Yes, I just saw that Weller 12 had gone up from under $20 to ~$25 at my favorite local store. Of course this is theoretical, as no one can find Weller 12 at the moment…  :sad:

 

Time to find out if I like Evan Williams Single Barrel, I guess. 

It seems to get a lot of love but frankly I don't think it has much flavor.  Just way to soft which is I guess what some people like about it.  Have a '95 bottle opened in the cablinet.  Just don't have much desire to drink it.



#127 EvergreenDan

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Posted 26 January 2014 - 05:23 PM

Following the news that (non-distiller) Hood River Distillers just acquired Clear Creek Distillery, I worry about the future of a niche, labor-intensive product like the Doug Fir eau de vie. 

That's really too bad. Looking at the other Hood River brands, it does not seem to be an obvious match.


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#128 JoNorvelleWalker

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Posted 26 January 2014 - 09:44 PM

 

I'm having what would otherwise be a daquiri, but made with Small Hand raspberry syrup, rather than plain Small Hand syrup. It's OK, nice for a change, but I think I like the traditional daiquiri better.

 

When made with lemon and more raspberry syrup, that's a Vic's Columbia, a nice drink. 

 

 

Thank you!  A new one for me.  Of course I had to try it.  A little sweet but I would make it again, maybe cutting down the syrup just a bit.  The Columbia does not taste any more raspberryish than last night's drink with only 1/4 ounce of syrup.  However it is better balanced by having less citrus.

 

I had a little problem coming up with the "light" rum called for.  I am all out of Busted Barrel.  I squeezed the last of my Clement VSOP and Barbancourt 5 star, making up the difference with a splash of W&N.  In the rum department I am now down to Appleton 12 and W&N.  One could do worse.  I don't plan to replace the Clement and Barbancourt.  I would like more Pusser's but I can't get my hands on it.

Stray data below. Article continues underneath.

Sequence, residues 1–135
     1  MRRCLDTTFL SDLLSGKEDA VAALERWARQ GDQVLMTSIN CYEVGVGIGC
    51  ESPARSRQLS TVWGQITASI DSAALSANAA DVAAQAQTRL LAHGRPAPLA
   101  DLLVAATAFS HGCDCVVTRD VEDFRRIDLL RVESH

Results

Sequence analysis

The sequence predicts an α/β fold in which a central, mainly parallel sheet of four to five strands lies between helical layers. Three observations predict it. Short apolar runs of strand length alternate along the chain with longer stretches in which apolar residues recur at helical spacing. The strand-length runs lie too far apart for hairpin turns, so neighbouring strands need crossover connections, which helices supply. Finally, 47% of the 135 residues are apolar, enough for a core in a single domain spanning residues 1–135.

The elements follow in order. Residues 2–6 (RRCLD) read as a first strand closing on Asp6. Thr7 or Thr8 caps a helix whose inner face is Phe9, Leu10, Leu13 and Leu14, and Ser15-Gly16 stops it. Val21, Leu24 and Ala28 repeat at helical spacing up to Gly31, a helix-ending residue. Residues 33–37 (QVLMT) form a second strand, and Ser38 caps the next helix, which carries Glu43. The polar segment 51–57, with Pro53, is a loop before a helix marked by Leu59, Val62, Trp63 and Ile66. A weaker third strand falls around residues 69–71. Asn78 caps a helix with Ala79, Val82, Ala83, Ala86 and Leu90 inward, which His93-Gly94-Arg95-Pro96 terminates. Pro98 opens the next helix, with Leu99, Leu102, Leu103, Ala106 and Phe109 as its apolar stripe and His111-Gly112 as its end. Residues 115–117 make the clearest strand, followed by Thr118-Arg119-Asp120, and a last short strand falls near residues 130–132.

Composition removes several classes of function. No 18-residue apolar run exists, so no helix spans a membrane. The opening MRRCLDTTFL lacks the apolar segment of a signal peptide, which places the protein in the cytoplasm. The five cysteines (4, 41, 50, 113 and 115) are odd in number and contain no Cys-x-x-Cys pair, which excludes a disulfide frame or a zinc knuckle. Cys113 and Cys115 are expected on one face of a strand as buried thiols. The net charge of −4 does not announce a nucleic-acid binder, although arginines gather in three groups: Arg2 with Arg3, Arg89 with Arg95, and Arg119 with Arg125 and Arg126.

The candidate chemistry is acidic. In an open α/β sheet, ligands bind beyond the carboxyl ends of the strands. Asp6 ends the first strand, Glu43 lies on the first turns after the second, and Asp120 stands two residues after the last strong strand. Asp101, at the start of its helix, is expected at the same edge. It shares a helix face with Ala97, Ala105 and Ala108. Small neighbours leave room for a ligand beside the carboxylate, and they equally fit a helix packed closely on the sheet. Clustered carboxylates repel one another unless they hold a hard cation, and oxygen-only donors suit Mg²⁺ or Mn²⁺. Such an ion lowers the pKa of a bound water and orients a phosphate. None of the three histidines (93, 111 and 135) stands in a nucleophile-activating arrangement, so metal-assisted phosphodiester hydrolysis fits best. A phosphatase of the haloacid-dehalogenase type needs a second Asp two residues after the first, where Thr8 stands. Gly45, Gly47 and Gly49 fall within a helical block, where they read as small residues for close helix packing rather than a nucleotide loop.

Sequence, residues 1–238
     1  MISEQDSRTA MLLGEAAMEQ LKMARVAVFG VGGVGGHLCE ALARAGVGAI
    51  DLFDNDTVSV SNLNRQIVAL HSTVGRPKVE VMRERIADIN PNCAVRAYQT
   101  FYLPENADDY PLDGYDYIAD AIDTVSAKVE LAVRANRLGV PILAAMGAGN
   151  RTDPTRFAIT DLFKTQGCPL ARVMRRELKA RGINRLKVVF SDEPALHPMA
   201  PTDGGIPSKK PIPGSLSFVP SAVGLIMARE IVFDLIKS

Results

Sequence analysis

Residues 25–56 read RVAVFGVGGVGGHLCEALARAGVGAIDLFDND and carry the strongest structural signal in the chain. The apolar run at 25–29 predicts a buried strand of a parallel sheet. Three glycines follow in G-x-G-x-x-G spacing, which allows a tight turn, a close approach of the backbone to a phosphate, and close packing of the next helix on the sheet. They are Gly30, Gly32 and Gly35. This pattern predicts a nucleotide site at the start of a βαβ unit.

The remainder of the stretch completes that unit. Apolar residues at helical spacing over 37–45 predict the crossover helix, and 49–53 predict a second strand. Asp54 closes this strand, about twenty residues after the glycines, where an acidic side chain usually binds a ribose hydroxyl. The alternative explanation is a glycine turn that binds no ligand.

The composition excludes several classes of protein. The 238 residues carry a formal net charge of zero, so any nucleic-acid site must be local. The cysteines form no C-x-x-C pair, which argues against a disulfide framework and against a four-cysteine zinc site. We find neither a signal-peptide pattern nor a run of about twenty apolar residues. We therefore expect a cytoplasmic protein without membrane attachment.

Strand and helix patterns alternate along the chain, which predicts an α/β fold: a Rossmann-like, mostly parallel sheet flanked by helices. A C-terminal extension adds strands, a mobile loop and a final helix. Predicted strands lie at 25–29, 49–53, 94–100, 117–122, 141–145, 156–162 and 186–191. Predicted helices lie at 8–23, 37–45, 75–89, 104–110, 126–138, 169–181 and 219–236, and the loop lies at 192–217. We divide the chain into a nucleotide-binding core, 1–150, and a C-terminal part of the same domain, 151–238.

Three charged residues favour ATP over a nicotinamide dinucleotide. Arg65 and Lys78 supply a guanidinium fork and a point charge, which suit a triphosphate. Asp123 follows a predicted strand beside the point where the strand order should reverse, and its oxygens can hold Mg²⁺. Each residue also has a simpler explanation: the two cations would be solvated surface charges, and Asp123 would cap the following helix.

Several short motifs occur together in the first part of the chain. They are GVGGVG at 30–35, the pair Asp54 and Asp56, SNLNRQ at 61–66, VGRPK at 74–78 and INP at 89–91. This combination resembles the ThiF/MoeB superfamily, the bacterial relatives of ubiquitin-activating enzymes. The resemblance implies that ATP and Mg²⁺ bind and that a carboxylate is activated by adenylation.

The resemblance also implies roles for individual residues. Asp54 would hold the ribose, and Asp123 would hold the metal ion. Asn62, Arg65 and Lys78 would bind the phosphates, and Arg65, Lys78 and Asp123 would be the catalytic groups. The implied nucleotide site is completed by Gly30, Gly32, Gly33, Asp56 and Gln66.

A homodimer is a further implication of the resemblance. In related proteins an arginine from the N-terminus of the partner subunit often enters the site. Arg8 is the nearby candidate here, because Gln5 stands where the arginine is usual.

#129 Hassouni

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Posted 26 January 2014 - 10:20 PM

Besides Palo Viejo (¡viva Boriken!), my go to light rum is Flor de Caña


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#130 JoNorvelleWalker

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Posted 26 January 2014 - 11:47 PM

Besides Palo Viejo (¡viva Boriken!), my go to light rum is Flor de Caña

 

Neither one unfortunately is here.  The store where I shop has in some older Goslings, but I can't afford $76 a bottle.



#131 Hassouni

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Posted 27 January 2014 - 09:14 AM

what about Brugal?

 

How shit is your shop? Flor de Caña is ubiquitous....



#132 JoNorvelleWalker

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Posted 27 January 2014 - 11:28 AM

...draw your own conclusions.  I will double check next time I am there.



#133 Hassouni

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Posted 27 January 2014 - 03:50 PM

I have, sounds like you need a different liquor store.



#134 lesliec

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Posted 27 January 2014 - 05:31 PM

Rafa's magnificent The Man Comes Around again last night.  Still just as good after I-don't-know-how-many times.

 

And a few nights ago it was Mai Tai time again.  A while back FrogPrincesse asked for a reveal of my Tiki mug collection.  Here's the Headhunter, made just for me by an Ebay seller:

 

Tiki.jpg


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#135 FrogPrincesse

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Posted 27 January 2014 - 05:48 PM

And a few nights ago it was Mai Tai time again.  A while back FrogPrincesse asked for a reveal of my Tiki mug collection.  Here's the Headhunter, made just for me by an Ebay seller: